Microsoft has updated their Microsoft Safety Scanner (MSERT) tool so that it detects Web Shells installed on your Exchange servers through the ProxyLogon vulnerability.
Last week Microsoft issued emergency patches to address four zero-day exploits that were being exploited by the Hafnium group. Since the disclosures, criminal groups have been targeting Microsoft Exchange Servers around the world and racing to install their own web shells and infiltrate corporate networks before patches are applied to the Exchange servers.
The four vulnerabilities, collectively known as ProxyLogon, are a pre-authentication remote code execution vulnerability for Outlook Web Access (OWA) that affects all supported version of Microsoft Exchange Server.
By installing a Web Shell, attackers establish persistent access to the server (that will still work after the security patches have been applied) allowing future data exfiltration or ransomware attacks.
If you have Outlook Web Access deployed on your Exchange server, it is prudent to work on the assumption that it has been compromised until you can prove it has not been infiltrated – and run a full backup asap as your only defence against ransomware in the short term.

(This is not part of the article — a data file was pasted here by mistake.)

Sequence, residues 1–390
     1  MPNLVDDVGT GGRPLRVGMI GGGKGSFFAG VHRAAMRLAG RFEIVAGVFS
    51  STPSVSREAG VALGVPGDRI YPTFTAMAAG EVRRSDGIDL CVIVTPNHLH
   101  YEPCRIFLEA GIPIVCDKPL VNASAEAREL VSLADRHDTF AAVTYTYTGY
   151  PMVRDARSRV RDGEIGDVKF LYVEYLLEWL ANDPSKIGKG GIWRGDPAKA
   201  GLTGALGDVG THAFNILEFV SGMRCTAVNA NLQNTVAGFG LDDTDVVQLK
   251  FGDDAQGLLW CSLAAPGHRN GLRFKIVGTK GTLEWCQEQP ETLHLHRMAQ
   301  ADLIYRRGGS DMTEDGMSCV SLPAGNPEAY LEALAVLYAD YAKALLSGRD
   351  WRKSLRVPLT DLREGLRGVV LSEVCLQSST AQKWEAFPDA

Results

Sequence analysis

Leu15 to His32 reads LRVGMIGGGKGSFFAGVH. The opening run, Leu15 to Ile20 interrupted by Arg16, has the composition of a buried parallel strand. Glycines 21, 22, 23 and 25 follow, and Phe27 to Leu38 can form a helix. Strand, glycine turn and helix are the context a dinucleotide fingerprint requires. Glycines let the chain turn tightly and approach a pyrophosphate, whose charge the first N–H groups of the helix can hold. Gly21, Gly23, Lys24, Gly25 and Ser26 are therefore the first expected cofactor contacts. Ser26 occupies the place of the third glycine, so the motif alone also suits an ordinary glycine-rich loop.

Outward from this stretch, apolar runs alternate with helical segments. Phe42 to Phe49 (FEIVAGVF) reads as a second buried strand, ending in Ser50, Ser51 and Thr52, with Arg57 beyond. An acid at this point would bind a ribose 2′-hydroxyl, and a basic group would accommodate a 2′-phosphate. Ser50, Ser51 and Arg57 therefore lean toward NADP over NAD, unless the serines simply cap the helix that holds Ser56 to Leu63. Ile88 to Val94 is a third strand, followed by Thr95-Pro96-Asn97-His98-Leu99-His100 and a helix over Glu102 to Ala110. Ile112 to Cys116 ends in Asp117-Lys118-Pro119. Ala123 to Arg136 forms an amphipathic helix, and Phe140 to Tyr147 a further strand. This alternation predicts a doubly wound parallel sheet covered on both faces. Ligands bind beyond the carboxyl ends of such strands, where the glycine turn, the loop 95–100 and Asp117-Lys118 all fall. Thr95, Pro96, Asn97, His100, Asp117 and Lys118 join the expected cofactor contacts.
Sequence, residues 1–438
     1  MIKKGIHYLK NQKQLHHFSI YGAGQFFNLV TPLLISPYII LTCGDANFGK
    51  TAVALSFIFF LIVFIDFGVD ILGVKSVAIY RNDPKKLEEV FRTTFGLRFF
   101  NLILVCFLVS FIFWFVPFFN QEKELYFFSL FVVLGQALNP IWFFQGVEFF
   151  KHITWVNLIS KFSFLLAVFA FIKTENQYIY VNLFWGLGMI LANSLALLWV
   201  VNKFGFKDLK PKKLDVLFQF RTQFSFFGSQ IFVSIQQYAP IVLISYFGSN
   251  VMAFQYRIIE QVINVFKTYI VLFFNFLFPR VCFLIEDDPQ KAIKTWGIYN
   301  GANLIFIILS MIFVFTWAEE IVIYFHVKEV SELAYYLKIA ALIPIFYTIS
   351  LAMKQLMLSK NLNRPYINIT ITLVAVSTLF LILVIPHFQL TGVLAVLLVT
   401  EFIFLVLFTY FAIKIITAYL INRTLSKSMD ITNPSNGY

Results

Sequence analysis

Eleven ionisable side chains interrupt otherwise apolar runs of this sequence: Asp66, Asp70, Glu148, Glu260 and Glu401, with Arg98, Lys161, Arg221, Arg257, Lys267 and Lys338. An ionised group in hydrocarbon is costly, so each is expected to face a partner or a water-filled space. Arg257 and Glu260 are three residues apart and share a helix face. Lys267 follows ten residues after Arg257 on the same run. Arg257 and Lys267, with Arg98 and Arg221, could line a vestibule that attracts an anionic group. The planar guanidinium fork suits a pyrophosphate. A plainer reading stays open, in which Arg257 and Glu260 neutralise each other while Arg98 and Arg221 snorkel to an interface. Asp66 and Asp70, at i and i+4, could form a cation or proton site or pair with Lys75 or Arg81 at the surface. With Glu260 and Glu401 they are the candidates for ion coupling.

Microsoft’s Support Emergency Response Tool (MSCERT) – also known as the Safety Scanner – is a standalone tool that uses the Microsoft Defender signatures to run on-demand security scans of servers and personal computers. MSCERT has now been updated to detect known Web Shells being used in ProxyLogon attacks by Hafnium and other criminal groups.
MSCERT should be run as a Full System Scan, advises Microsoft, and it will delete any suspect files immediately unless you run it with the /N option.
There is also a PowerShell script released by Microsoft on GitHub that searches for Indicators of Compromise (IoC) called Test-ProxyLogon.